July 17, 2015 Practice Points

Ninth Circuit Sets Oral Argument in Transgender Prisoner Medical Needs Case

By Nick Kacprowski

The Ninth Circuit recently set oral argument for August 13, 2015, in the case Norsworthy v. Beard, No. 15-15712. Norsworthy is an expedited appeal of a preliminary injunction order issued on April 2, 2015, from the Northern District of California that orders the California Department of Corrections and Rehabilitations to provide a transgender male to female prisoner with appropriate medical care, including sex reassignment surgery. The district court found that the plaintiff had a likelihood of succeeding on her substantive claim that her constitutional protection against cruel and unusual punishment under the Eighth Amendment would be violated if she was not provided adequate medical care for her serious medical need. The court found specifically that the plaintiff 1) had a serious medical need for sex reassignment surgery, and 2) that the defendants were deliberately indifferent to that need by denying her the surgery.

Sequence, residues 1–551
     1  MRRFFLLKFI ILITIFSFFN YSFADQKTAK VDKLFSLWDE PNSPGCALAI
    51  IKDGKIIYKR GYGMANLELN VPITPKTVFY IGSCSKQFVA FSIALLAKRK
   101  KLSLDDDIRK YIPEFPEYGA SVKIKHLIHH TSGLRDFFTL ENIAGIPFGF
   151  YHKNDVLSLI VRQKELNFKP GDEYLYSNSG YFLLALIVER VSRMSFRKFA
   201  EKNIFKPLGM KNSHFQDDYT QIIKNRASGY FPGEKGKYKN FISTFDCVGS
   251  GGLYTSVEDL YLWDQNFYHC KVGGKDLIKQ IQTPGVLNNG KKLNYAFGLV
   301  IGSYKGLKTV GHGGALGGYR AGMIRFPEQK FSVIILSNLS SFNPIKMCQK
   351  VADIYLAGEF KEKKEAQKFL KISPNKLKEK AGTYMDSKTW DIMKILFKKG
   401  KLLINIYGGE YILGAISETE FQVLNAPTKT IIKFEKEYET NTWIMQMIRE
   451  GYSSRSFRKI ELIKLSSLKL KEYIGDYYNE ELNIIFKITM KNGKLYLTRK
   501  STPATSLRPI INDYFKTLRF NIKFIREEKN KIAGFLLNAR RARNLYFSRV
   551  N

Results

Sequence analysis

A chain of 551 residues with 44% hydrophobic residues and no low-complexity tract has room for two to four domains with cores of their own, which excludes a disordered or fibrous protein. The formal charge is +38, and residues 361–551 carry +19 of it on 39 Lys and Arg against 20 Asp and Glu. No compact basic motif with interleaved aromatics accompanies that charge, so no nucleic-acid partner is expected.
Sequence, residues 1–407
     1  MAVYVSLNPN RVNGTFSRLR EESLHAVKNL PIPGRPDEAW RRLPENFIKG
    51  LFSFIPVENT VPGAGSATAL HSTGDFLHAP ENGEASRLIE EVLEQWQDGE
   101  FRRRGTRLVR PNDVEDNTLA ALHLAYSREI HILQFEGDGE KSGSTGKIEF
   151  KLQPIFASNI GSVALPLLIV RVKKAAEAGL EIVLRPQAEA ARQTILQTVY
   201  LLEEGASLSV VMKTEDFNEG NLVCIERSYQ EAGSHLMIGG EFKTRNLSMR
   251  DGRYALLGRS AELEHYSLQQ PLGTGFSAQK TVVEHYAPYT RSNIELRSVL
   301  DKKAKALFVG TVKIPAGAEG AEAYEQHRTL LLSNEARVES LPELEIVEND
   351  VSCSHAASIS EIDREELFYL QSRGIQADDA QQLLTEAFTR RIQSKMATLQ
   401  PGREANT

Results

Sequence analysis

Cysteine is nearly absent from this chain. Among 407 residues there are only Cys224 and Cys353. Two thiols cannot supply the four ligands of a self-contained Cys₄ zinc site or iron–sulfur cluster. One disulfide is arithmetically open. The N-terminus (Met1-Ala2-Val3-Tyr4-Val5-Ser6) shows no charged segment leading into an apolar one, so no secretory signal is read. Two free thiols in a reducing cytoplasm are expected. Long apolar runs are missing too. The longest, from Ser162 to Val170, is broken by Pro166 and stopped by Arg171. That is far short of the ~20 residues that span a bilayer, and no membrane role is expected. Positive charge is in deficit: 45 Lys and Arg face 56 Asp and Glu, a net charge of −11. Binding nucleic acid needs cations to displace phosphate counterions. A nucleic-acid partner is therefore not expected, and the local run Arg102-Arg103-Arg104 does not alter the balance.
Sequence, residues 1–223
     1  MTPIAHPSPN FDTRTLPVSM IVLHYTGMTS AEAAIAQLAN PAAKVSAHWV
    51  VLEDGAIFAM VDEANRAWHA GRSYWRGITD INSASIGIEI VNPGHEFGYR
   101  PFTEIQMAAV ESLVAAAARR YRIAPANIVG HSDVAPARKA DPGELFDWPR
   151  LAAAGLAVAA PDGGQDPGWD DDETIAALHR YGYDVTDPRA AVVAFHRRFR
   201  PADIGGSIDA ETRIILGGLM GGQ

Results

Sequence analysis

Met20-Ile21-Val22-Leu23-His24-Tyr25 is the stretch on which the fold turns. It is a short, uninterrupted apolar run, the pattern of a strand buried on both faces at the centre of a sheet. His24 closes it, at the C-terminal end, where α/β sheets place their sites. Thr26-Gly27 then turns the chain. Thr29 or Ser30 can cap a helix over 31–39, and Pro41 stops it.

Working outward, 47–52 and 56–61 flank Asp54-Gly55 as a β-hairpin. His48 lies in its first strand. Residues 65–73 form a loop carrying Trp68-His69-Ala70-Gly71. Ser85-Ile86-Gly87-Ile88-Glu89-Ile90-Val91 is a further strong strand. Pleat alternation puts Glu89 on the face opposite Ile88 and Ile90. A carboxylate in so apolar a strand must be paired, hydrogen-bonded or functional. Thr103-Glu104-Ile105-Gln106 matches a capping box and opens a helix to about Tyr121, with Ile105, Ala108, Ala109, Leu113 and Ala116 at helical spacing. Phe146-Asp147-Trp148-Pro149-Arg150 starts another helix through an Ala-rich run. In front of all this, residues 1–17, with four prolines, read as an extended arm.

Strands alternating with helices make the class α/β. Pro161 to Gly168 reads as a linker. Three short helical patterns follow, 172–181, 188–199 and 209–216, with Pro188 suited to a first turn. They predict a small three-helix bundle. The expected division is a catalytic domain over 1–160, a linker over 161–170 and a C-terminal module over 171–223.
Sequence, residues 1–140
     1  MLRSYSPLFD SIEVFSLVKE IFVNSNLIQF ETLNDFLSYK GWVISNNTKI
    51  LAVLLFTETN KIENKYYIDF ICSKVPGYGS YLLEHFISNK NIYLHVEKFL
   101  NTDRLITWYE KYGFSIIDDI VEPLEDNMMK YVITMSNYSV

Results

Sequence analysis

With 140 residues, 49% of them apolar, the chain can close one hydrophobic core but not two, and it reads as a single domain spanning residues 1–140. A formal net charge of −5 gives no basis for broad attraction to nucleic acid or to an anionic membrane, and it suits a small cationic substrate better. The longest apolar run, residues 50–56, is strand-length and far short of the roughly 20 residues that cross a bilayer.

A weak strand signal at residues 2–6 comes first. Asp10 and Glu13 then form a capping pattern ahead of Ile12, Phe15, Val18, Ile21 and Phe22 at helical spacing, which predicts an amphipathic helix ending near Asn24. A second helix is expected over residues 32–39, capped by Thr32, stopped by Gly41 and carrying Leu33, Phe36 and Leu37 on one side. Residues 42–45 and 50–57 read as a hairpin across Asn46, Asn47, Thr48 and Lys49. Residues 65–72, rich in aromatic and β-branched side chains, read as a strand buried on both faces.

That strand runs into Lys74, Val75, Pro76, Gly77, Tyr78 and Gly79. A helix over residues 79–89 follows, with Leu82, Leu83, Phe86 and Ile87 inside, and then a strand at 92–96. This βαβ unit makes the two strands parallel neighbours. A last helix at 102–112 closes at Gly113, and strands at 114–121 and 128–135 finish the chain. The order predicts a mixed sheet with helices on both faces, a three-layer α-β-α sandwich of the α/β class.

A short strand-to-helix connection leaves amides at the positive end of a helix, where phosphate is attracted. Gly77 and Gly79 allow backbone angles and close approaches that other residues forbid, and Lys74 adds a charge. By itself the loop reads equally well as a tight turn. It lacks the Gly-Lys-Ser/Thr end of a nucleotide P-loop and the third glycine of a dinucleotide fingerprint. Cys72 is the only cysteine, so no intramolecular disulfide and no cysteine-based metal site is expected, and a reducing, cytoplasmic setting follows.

The Ninth Circuit appeal sets up a potential circuit split between the Ninth and First Circuits. An en banc panel of the First Circuit issued a ruling in 2014 that found that the denial of sex reassignment surgery to the plaintiff in that case did not violate the plaintiff’s Eighth Amendment right to adequate medical care. Kosilek v. Spencer, 774 F.3d 63 (1st Cir. 2014) (en banc). The district court in Norsworthy distinguished the case on the facts, holding that in the First Circuit case there was a finding that alternative treatments would be adequate, whereas in the case before it, sex reassignment surgery was the only adequate treatment. The district court also noted that the First Circuit decision “is not binding on this Court.”

 

Keywords: LGBT, litigation, transgender, Eighth Amendment, litigation, Norsworthy

Nick Kacprowski is with Alston Hunt Floyd & Ing in Honolulu, Hawaii.


Copyright © 2016, American Bar Association. All rights reserved. This information or any portion thereof may not be copied or disseminated in any form or by any means or downloaded or stored in an electronic database or retrieval system without the express written consent of the American Bar Association. The views expressed in this article are those of the author(s) and do not necessarily reflect the positions or policies of the American Bar Association, the Section of Litigation, this committee, or the employer(s) of the author(s).